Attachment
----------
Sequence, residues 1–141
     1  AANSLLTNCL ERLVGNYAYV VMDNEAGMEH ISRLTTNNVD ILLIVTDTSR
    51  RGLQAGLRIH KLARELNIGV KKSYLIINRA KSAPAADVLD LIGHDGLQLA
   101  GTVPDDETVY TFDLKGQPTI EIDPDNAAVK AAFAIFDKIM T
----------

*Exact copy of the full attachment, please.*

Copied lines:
Sequence, residues 1–141
     1  AANSLLTNCL ERLVGNYAYV VMDNEAGMEH ISRLTTNNVD ILLIVTDTSR
    51  RGLQAGLRIH KLARELNIGV KKSYLIINRA KSAPAADVLD LIGHDGLQLA
   101  GTVPDDETVY TFDLKGQPTI EIDPDNAAVK AAFAIFDKIM T